Leader of breakaway Croatian Serb state convicted and jailed by UN tribunal

12 June 2007

The United Nations war crimes tribunal for the former Yugoslavia today sentenced a former political leader of rebel Serbs in Croatia to 35 years’ prison after convicting him for his role in a campaign of ethnic cleansing.

The United Nations war crimes tribunal for the former Yugoslavia today sentenced a former political leader of rebel Serbs in Croatia to 35 years’ prison after convicting him for his role in a campaign of ethnic cleansing.

Milan Martić was convicted by the International Criminal Tribunal for the former Yugoslavia (ICTY) on 16 counts, including persecutions, murder, torture, deportation, attacks on civilians, the wanton destruction of civilian areas and other crimes against humanity and violations of laws and customs of war. He was acquitted on one count of extermination.

Mr. Martić served variously as President, Defence Minister and Interior Minister of the self-proclaimed Republic of Serbian Krajina (RSK), a breakaway part of southern Croatia, between 1991 and 1995.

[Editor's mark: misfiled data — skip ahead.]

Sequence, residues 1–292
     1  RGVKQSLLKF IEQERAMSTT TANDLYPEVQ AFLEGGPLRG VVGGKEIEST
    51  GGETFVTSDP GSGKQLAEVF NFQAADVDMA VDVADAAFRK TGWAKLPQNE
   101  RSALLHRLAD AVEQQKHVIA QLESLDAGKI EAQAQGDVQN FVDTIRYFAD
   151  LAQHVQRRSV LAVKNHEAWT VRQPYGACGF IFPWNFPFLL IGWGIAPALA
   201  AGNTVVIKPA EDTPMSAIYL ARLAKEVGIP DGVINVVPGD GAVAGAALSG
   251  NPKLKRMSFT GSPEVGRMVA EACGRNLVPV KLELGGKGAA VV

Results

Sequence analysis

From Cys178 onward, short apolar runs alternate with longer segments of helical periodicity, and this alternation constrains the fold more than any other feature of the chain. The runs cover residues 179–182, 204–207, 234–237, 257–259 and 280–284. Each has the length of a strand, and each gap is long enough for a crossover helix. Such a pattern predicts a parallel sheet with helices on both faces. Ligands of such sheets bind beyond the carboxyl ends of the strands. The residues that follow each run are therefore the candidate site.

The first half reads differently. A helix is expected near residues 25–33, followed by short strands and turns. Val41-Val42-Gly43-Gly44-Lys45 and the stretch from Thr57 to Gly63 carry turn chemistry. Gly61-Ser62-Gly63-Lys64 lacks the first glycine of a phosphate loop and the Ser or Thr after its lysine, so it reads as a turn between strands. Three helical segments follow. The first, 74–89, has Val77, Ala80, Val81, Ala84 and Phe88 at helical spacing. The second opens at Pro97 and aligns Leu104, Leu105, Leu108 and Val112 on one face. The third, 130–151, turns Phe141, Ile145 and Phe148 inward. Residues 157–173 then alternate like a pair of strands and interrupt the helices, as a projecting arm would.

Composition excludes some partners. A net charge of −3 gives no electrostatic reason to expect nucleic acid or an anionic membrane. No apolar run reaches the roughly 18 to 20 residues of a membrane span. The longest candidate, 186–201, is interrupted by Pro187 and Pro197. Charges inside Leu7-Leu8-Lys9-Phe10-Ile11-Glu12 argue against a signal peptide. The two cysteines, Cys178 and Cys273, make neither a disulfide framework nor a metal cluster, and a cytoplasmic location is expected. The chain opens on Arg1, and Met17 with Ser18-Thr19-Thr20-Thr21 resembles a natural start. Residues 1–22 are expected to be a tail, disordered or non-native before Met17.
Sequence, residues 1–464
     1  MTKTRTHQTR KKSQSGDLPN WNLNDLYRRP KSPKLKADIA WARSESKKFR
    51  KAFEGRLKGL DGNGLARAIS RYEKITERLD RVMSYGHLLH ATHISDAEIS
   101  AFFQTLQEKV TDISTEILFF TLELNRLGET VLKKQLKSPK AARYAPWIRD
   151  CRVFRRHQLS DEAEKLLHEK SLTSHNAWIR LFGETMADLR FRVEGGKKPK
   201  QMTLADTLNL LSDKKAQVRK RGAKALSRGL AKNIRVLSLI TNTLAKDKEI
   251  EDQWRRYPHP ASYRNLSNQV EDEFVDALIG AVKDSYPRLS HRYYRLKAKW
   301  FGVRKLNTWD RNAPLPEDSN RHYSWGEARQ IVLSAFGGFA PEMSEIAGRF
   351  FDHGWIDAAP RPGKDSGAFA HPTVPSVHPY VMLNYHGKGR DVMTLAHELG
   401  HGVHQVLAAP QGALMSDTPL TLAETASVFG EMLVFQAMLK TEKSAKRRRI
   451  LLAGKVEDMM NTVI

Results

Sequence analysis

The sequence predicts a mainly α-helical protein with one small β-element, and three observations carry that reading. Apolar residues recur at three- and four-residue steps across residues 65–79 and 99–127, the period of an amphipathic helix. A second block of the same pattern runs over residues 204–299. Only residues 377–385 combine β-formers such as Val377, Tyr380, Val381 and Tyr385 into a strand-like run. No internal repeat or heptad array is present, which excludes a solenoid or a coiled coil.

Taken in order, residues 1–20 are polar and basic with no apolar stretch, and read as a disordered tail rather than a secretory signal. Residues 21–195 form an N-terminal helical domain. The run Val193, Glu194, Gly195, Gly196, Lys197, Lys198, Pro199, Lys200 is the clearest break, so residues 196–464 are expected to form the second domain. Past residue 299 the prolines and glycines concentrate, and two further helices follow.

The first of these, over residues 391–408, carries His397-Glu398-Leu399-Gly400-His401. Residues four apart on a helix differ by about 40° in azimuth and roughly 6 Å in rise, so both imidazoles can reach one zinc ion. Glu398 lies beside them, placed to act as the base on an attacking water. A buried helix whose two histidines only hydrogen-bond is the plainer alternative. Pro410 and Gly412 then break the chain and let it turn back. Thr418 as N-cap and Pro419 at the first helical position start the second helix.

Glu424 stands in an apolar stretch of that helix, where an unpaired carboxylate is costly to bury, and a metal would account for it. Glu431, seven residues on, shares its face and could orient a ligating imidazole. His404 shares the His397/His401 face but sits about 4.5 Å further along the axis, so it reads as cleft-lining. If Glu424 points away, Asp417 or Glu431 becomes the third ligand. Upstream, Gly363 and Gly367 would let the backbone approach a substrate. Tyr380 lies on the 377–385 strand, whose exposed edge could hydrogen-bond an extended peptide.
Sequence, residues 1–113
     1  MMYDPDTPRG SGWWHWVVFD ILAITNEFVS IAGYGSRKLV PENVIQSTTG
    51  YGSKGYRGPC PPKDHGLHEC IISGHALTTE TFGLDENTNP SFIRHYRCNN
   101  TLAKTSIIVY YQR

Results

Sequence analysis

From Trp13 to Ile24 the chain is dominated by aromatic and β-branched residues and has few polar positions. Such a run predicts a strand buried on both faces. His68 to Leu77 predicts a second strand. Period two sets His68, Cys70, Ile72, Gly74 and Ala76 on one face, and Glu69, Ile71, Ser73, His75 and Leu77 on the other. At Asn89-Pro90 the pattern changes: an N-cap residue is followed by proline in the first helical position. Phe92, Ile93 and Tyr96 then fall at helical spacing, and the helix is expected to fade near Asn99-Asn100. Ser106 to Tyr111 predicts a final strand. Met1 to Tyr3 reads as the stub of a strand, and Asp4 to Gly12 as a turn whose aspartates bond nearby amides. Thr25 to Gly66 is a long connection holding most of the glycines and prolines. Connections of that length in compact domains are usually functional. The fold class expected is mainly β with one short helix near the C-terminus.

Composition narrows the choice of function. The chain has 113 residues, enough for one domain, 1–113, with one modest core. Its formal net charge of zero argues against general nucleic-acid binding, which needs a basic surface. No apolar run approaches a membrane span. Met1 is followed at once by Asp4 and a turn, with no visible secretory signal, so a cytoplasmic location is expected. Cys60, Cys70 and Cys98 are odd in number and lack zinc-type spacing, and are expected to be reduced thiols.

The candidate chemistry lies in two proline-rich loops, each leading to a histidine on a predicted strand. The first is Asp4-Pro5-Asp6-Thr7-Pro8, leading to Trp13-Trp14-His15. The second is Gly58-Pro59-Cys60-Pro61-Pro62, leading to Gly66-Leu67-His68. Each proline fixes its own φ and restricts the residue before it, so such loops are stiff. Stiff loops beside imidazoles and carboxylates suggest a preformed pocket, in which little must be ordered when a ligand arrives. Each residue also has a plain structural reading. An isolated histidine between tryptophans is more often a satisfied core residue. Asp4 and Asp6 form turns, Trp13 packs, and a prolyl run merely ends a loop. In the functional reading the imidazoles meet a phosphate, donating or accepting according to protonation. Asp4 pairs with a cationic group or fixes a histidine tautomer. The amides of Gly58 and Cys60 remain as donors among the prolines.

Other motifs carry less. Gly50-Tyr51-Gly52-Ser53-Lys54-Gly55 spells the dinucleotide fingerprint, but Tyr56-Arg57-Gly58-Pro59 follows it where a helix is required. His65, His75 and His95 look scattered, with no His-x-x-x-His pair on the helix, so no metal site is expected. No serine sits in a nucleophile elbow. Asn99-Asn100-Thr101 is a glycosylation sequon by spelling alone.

ICTY judges found that Mr. Martić had engaged in a joint criminal enterprise with at least 11 others, including former Yugoslav president Slobodan Miloševic and former Bosnian Serb leader Radovan Karadžic, to create a unified greater Serbian state by undertaking a campaign of crimes against non-Serbs living in certain parts of Croatia – including Krajina – and Bosnia and Herzegovina.

RSK lasted from 1991 to 1995, when Croatian forces brought it back under control of Zagreb.

As president of RSK, Mr. Martić was in control of its armed forces, the judges found, adding that he had abused his positions “and promoted an atmosphere in which the non-Serb population was subjected to widespread and systematic crimes.”

Mr. Martić was also convicted of ordering rocket attacks on downtown Zagreb in May 1995 that killed seven people and wounded more than 200 others. Two days after the attacks he gave a radio interview admitting he had personally ordered the shelling of the city.

In determining the sentence, the judges said they noted that virtually the entire Croat and other non-Serb population was expelled from the area under Mr. Martić’s control, as well as the fact that most of the crimes he committed were against civilians, the elderly and detainees.